Themed Housing Moves In With New Fall Programs
Published: Thursday, September 27, 2012
Updated: Thursday, November 15, 2012 01:11
Ever wonder what it’s like to live in a themed house? With weekly meetings for members and monthly programs for the entire campus, these organizations keep themselves busy planning events and promoting their causes. Here’s a look at what they have been up to and where they are going this year.
Coffeehouse (Creative Writing)
New to campus this year is the Coffeehouse. Although it isn’t officially listed as a registered organization on OrgSync yet, Janet Wlody ’13 and other members hope to provide a welcoming environment where people can express their ideas and practice their writing skills.
“Our house will be helpful to students preparing portfolios for admission to writing classes,” Wlody said.
The organization has yet to host any events this year, but it plans to develop a bigger presence on campus in the coming weeks.
“We are in the process of planning our first writing workshop under the guidance of Kenyon Review staff and faculty advisors,” Wlody said.
Kenyon Food Co-op
Striving to break the monotony of Peirce, members of the Kenyon Food Co-op prepare occasional home-cooked meals for students.
“We want people to realize it can be really fun and not too much work to create a delicious home-cooked meal,” said Elizabeth Halper ’15, president of the Food Co-op. “Especially when you do it in a group of people who really enjoy it.”
“Meet n’ Greens” has been the only event hosted by the Food Co-op this year. Due to the event’s success, the organization looks forward to upcoming events.
“We hope to have our first Saturday dinner for club members in the next few weeks,” Halper said. “Also, for our all-campus event in October, we are either making fall pies or homemade Halloween candy.”
BE: Victorious aims to connect the Kenyon community. While the group was founded to create a community for Christian athletes, non-Christians as well as non-athletes are welcome to attend meetings and get involved.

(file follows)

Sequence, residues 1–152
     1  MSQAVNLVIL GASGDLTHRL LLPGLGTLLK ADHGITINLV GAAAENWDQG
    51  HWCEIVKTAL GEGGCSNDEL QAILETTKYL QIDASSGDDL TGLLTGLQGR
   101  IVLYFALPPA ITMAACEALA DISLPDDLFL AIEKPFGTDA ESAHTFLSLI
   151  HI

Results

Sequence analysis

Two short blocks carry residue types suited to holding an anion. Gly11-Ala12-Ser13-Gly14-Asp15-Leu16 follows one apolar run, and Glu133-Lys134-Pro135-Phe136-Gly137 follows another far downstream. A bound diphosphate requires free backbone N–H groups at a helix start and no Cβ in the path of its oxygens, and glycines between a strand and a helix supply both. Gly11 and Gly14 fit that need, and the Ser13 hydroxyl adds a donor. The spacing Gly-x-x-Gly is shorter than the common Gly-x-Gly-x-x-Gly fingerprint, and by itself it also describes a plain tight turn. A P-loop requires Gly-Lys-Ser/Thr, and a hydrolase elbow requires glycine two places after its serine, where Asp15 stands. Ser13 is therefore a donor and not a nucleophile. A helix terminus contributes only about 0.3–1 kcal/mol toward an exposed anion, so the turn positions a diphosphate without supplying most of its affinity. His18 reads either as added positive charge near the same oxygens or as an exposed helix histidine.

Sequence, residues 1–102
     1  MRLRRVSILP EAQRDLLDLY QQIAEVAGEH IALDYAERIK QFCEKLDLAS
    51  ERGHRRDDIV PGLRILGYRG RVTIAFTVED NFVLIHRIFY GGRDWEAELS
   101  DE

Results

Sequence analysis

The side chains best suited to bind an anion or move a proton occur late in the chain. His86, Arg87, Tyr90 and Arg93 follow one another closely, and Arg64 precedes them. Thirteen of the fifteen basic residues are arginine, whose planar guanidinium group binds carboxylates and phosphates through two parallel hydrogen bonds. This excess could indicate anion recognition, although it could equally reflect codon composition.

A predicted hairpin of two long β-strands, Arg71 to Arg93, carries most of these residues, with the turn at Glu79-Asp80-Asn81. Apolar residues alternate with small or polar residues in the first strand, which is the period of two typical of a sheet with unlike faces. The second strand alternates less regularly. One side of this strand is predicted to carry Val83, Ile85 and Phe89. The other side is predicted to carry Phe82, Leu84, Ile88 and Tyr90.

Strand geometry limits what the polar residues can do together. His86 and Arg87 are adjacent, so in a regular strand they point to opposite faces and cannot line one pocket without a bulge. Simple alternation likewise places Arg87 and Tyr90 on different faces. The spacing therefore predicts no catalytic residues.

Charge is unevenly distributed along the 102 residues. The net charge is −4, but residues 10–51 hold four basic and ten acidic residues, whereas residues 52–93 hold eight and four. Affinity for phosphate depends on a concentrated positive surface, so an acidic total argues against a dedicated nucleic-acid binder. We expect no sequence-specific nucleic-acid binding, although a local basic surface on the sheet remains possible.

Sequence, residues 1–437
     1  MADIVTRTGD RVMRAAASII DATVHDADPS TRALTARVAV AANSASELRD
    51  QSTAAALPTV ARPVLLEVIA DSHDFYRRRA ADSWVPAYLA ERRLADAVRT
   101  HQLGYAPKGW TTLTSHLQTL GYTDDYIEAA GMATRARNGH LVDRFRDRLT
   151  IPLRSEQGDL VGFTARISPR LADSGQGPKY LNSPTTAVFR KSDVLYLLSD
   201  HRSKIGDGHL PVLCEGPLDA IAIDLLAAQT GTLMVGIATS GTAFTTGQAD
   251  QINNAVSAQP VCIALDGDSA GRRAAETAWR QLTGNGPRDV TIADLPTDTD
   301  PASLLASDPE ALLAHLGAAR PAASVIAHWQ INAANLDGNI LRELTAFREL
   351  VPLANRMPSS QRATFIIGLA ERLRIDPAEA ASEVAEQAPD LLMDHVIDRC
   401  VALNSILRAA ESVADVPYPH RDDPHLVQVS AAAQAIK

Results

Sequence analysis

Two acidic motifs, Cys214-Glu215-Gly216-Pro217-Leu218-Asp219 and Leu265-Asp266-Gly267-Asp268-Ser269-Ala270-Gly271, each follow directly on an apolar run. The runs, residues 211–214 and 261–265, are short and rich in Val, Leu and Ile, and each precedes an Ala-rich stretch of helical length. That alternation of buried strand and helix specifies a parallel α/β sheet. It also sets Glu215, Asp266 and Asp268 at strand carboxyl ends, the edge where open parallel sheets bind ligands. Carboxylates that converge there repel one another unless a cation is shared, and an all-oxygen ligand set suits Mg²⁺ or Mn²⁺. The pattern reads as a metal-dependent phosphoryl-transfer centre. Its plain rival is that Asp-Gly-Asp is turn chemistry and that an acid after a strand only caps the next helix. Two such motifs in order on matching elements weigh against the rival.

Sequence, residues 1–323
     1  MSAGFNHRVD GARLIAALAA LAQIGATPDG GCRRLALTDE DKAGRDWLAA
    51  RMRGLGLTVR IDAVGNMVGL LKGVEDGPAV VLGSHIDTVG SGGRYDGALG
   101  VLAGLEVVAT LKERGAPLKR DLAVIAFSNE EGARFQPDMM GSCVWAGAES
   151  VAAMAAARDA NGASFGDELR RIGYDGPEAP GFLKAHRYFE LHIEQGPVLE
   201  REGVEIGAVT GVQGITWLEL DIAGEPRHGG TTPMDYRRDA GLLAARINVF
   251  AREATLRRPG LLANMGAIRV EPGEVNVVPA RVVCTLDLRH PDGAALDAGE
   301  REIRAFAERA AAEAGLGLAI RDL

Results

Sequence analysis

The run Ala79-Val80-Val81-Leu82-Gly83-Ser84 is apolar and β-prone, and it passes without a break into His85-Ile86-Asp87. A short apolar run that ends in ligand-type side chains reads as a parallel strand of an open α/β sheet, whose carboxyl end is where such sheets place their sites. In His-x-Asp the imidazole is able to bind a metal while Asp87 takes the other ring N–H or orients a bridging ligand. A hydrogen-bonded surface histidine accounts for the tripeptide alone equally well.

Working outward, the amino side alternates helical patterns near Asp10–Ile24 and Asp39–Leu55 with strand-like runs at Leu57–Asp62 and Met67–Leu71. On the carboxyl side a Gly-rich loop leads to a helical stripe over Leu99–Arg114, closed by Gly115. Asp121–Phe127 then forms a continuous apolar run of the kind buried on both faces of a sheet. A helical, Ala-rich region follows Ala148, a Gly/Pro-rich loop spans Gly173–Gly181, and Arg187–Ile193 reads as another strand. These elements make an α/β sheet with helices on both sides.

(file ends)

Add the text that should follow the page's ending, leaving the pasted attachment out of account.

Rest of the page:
“Religion is mostly a visible factor in our weekly meetings,” Lianne Castile ’13 said. “We meet Wednesday evenings and will have a discussion group for about an hour. In the past the topics have pulled in passages from the Bible to guide the discussions.”
Other than weekly meetings, BE: Victorious has hosted one event this year, an open house that got the year off to a good start.
“We had freshly baked cookies, fruit and other snacks, and people brought over games, and we essentially had a game night while getting to know each other,” Castile said.
To get involved with BE: Victorious, you can attend events and weekly meetings on Wednesdays at 10:10 p.m. in the Bemis music room on the second floor of Peirce.
“Most of our events will be focused on service or community, so if you want to help out or have some fun with new people, come on out,” Castile said.
The International House has long provided Kenyon with programs that highlight the diversity of students, and this year will be no exception. After almost 90 people showed up to their first event, a pancake breakfast, the organization is ready to kick things into high gear.
“A big event coming up is our Nigeria/China/Botswana Independence Day Celebration on Saturday, Sept. 29 at 7:00 p.m.,” Alex Britt ’15 said. “We’re also hoping to collaborate with ECO/PEAS on an Oktoberfest celebration.”
Along with events planned for the entire campus, members of the International Students at Kenyon (ISAK) get special perks.
“We’ve … started doing movie nights for our members, which are really fun,” Britt said.
The goal of the International House is to create an environment in which everyone can share his or her culture. Britt said that anyone is welcome to attend events and become involved.
“If people would like to be involved in ISAK and the International House, they should definitely come to the weekly ISAK meetings. We grab brunch together every Sunday at 12:00 p.m. and just chat about everything going on and coming up on campus,” Britt said.
If you’ve ever wandered through the North Campus Apartments, you’ve probably seen a flag with a picture of the Planet Earth hanging from Apt. 220. That’s the ECO/PEAS house. While the Environmental Campus Organization (ECO) and People Endorsing Agrarian Sustainability (PEAS) are separate groups, they share a similar dedication to the environment and sustainability.
“[Sustainability is important] because without the planet, all other human problems become irrelevant,” Tim Jurney ’15 said. “Protecting the beautiful and critical nature around us is one of the most important things we can do.”
To spread awareness about their message, members of the ECO/PEAS house have already hosted an open house, at which they served muffins. The event was a success, according to Jurney, and members are working on more programs for the near future.
“Oktoberfest is going to be so cool,” Jurney said, “and the Beer and Bacon party with the Peeps is always a classic.”
Along with planning events, members of the ECO/PEAS house are trying to get a sustainability grant to build a hoop house (a type of greenhouse) and a winter garden.
Anyone interested in either organization is encouraged to get involved. ECO meets on Sundays at 4:00 p.m. in the Horn Gallery and PEAS meets on Mondays at 6:00 p.m. in Peirce Pub.
“Come to the meetings. We love new people,” Jurney said.
The Bike Co-op, Buddhist House, Community Service House, KacHead House and Outdoors Club could not be reached for comment before the print deadline.